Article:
Although in certain industries (ICT, retail commerce etc.) internet technology has led to a differentiation in the business level strategy and business models, in the bulk of the traditional banking sector business practices have not really evolved. Despite the structural changes (to business level strategy or business model) that internet may have caused to firms in most industries, the banking sector seems the least affected. Most banking institutions perceived Internet-based innovation as an investment opportunity and funded businesses that based their business models on these technologies. However, as this chapter argues the degree to which these institutions have actually infused innovation into their business models has been so far negligible. This initial perception has been our primary stimulus for an in-depth investigation into the ways in which the strategy and the business models of banking institutions appear to have evolved in the Internet era.

Our starting hypothesis in this chapter is that, in this changing environment, incumbent banks opted to push their existing business models to the extreme - underestimating in many cases lending risk (Nellis, McCaffery, & Hutchinson, 2000) – than to investigate the opportunities offered in the provision of higher value products and services. The latter stem out of the observable deconstruction of banks’ traditional value-chain activities and the revision of their current approach in conducting business. This chapter aims to function as a provocative first attempt to explore the validity of the aforementioned hypothesis. To do so, it develops an analytical framework that allows for an in-depth investigation into the evolution of business models surrounding the operation of commercial banks in Europe over the last decade.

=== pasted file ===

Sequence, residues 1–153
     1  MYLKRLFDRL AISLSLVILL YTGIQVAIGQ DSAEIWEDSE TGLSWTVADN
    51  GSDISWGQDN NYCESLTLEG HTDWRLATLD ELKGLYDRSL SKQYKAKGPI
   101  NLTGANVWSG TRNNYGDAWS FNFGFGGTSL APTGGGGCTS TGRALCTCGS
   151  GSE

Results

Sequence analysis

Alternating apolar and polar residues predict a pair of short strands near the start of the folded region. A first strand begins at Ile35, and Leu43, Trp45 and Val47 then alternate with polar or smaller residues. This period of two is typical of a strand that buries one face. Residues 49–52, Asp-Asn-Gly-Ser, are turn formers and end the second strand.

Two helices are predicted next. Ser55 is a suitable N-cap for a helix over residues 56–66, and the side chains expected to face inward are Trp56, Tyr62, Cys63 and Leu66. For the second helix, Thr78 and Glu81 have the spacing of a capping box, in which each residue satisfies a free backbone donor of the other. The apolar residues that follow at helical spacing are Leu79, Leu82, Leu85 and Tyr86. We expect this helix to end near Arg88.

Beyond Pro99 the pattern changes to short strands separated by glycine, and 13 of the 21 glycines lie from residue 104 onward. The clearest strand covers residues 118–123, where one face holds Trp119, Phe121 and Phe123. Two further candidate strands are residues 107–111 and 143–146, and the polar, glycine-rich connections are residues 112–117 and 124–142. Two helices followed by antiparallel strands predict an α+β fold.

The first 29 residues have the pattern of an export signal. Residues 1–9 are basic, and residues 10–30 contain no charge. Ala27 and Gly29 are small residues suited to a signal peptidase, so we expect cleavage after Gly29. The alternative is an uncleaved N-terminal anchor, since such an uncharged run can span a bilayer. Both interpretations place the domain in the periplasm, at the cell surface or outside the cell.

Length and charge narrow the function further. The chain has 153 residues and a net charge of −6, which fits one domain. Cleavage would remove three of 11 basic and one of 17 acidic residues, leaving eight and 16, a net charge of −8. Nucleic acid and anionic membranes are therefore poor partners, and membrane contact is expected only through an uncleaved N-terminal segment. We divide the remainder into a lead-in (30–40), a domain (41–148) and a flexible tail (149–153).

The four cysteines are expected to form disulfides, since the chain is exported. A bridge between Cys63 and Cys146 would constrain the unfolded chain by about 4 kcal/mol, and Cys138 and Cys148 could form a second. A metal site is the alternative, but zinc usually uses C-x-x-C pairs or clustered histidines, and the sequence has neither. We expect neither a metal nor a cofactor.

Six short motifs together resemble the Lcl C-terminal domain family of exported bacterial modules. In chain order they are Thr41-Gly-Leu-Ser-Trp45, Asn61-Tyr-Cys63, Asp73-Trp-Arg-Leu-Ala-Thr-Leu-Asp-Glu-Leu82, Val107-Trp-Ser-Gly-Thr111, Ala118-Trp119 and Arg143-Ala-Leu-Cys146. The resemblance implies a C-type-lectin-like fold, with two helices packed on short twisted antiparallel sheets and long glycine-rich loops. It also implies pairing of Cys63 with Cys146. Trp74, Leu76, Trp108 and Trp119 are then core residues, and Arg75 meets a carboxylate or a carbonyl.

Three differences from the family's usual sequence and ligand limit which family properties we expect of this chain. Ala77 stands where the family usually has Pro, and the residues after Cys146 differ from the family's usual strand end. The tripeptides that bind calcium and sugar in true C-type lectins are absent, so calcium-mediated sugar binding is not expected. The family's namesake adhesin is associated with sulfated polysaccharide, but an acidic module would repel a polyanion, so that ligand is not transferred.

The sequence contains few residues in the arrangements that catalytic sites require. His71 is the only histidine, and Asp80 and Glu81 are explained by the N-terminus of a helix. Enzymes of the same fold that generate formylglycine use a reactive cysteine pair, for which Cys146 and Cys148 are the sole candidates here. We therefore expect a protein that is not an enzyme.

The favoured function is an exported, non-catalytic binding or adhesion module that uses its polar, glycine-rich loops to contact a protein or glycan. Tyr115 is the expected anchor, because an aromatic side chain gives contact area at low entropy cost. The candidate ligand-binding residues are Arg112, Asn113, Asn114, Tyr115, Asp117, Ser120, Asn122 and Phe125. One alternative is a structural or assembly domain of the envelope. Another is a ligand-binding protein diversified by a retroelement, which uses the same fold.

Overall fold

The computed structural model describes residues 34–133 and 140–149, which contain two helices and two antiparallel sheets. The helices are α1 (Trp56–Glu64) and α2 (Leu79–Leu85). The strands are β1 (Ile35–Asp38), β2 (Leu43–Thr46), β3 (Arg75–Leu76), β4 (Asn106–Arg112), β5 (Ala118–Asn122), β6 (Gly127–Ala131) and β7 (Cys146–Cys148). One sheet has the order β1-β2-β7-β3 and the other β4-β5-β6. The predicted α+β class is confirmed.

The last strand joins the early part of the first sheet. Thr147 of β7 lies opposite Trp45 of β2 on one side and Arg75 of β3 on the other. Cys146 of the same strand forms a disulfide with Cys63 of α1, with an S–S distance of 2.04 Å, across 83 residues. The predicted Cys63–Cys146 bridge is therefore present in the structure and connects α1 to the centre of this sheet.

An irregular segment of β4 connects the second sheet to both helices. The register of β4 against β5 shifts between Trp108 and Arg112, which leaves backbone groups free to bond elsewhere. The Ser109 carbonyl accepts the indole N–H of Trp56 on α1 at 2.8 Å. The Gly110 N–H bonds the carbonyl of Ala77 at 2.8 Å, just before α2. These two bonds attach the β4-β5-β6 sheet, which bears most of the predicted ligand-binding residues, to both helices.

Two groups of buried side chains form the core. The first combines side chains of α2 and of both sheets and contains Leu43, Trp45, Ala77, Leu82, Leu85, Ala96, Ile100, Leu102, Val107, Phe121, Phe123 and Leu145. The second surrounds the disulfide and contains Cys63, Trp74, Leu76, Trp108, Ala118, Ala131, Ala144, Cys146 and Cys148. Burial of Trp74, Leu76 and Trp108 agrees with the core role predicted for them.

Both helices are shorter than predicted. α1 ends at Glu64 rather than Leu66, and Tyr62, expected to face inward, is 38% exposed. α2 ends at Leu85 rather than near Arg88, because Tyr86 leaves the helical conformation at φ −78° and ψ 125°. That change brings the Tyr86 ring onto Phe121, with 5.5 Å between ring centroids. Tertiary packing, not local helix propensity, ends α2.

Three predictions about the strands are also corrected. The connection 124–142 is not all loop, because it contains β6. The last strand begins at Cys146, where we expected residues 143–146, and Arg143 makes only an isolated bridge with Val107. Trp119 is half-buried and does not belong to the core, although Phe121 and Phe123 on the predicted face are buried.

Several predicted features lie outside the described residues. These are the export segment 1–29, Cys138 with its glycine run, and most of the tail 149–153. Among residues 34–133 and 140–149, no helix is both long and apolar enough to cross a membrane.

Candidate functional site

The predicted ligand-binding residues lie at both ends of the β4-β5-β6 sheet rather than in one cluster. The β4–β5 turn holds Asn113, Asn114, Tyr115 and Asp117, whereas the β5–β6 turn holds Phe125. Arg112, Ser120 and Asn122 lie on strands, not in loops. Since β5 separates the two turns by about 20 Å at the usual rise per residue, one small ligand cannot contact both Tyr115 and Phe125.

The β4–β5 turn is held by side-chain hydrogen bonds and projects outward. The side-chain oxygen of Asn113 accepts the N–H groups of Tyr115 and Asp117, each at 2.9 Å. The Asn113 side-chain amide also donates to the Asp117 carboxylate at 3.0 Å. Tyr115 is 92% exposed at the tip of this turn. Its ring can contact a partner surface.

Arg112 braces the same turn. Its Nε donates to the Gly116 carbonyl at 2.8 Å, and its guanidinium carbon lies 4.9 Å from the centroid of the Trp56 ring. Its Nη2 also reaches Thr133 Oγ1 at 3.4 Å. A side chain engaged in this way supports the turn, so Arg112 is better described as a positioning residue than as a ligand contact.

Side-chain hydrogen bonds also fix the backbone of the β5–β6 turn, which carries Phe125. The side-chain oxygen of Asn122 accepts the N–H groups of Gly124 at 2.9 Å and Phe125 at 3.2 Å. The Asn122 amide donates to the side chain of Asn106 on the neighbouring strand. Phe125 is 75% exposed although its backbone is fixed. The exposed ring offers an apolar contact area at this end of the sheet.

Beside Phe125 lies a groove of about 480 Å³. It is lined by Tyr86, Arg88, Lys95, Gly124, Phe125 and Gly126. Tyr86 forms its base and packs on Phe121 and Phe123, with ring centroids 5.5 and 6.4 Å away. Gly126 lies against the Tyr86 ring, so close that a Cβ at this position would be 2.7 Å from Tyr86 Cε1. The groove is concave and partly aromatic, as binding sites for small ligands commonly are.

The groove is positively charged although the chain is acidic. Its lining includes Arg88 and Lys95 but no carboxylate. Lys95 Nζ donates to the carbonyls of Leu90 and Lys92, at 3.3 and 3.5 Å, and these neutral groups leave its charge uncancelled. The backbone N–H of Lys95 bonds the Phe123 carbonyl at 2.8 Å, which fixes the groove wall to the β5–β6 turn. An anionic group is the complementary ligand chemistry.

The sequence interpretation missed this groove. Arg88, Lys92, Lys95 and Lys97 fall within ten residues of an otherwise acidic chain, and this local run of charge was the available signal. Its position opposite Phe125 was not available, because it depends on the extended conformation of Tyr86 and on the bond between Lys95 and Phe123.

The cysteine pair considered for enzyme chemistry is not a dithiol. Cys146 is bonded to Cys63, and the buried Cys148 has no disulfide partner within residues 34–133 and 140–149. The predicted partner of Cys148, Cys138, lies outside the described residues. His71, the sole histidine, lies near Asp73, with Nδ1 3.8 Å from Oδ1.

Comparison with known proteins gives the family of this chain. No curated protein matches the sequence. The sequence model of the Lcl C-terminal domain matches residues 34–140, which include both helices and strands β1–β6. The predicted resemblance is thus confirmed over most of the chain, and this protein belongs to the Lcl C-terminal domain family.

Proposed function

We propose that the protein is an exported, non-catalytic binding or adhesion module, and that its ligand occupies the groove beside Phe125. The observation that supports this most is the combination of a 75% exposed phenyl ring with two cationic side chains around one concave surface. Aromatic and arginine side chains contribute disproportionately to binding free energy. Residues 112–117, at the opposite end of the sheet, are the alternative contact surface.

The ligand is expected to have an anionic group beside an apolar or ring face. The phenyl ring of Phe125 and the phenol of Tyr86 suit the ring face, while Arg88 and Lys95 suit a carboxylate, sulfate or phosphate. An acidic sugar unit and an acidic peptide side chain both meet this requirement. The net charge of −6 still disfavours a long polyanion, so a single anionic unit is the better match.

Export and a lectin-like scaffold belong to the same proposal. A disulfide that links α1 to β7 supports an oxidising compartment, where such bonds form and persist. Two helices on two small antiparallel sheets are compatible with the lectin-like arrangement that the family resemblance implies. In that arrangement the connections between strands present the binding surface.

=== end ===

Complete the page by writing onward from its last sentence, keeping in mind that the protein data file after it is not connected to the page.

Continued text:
The chapter does not aspire to unfold a fully-fleshed theoretical framework regarding the complexity of the dynamics shaping the banking industry in the Internet era. Rather, drawing upon observed industry trends, it uses a methodological approach that allows for the measurement of the “behavior” of an organization, that is the initiatives stemming from its business plan, the processes, and the performance metrics used to plan and realize its business model. To this end, the aim here is to go one step further and develop an operational tool that can guide future work in the identification of innovation in the business models and business level strategy of commercial banks during the first years of the Internet era.

The structure of the chapter is as follows: the following Section Two summarizes briefly the main arguments found in the literature regarding the impact of Information Technology (IT), and of the Internet in particular, on the banking industry and the subsequent emergence of new business models in the banking sector. Section Three presents the theoretical elements upon which a conceptual framework is built for the study of the behavior of incumbent banks in the networked era. This conceptual framework guides the empirical investigation in the subsequent Section Four of the main hypothesis stated at the beginning of the chapter. The Concluding Section summarizes the main arguments posed and proposes directions for further research.